There are two versions of the 45 out there. One 45 is the same as the album version, the one I have and have only ever seen, and there's an edited version that I understand was played on the east coast.
     
  15. Grant

    Grant A Musical Free-Spirit

    Location:
    Arizona
    Yup. The rest of the 70s!:pineapple:
     
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  16. czeskleba

    czeskleba Senior Member

    Location:
    Seattle
    Meanwhile over on the country chart, every other song dealt with that topic.
     
  17. W.B.

    W.B. Senior Member

    Location:
    New York, NY, USA
    Now there's the irony - a song considered an anthem of the Women's Lib movement, replaced by (of all things) a cheating song. (One that, in theme, seemed to be Gamble/Huff's riff on Luther Ingram's "(If Loving You Is Wrong) I Don't Want To Be Right" from earlier in the year.) Someone must've had some kind of sense of humor to have that procession on the charts.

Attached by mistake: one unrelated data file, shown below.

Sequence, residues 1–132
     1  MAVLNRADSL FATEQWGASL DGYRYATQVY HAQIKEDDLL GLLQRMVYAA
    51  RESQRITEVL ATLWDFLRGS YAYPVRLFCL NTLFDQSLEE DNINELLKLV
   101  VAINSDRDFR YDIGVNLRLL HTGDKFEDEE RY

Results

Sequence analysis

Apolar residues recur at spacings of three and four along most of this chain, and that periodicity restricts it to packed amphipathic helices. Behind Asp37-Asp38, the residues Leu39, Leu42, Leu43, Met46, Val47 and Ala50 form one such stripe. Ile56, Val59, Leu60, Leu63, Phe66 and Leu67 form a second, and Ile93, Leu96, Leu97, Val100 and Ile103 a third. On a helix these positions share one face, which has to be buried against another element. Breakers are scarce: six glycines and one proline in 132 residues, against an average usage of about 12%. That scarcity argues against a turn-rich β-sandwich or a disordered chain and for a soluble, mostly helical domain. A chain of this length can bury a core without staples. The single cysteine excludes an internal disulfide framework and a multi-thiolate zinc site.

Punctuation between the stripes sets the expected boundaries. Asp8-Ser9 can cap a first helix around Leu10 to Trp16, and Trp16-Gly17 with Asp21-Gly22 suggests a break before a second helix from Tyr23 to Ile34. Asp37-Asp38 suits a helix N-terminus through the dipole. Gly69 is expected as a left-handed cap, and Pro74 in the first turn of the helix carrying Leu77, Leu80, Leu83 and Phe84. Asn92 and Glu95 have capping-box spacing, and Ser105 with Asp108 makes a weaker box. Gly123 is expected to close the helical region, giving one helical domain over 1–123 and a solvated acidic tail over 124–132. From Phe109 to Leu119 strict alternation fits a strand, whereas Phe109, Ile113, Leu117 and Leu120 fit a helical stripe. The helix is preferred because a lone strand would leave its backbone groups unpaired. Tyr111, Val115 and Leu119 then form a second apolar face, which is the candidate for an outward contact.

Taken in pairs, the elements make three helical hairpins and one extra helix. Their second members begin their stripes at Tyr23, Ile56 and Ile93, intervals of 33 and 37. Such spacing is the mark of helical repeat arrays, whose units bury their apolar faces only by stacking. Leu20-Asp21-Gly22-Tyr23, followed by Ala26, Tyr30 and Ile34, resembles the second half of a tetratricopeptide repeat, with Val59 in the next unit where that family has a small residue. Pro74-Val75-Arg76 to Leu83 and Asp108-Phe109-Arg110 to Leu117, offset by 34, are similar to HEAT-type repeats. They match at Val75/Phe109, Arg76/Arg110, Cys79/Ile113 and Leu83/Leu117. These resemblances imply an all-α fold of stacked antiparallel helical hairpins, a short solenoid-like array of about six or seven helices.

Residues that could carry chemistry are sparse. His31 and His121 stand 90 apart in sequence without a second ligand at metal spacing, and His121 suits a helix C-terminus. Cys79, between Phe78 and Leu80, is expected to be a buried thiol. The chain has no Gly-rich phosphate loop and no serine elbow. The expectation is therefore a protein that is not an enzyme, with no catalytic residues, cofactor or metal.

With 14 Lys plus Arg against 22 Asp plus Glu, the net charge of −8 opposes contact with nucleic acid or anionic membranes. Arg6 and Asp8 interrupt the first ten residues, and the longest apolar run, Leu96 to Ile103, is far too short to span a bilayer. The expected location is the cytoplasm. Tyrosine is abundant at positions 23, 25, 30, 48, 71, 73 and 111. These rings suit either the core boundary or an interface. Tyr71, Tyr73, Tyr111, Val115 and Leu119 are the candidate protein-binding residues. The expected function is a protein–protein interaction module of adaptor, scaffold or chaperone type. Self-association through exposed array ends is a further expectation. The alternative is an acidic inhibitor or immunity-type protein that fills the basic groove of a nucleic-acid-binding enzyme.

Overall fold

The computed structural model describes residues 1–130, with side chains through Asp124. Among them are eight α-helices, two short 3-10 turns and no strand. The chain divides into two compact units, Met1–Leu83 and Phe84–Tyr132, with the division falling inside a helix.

Commercial pressings had two edits - the full 4:42 version, and a shorter version (that cut out the second verse) that timed at 3:37 (but the stocks still listed the 4:42 time). The short version is below:

    It should be noted that many contract pressings by other plants of this were made. One plant was the soon-to-be-doomed American Record Pressing plant in Owosso, MI, prior to the fire mentioned in connection with the look at The Temptations' #1 "Papa Was A Rollin' Stone." (I have such a copy, with 'ARP' stamped in the deadwax.) Evidently pressed before the fire. Another relatively common pressing was by Shelley Products, and yet another by the PRC plant in Richmond, IN.
     
  18. EdogawaRampo

    EdogawaRampo Forum Resident

    Exactly the way I felt about it.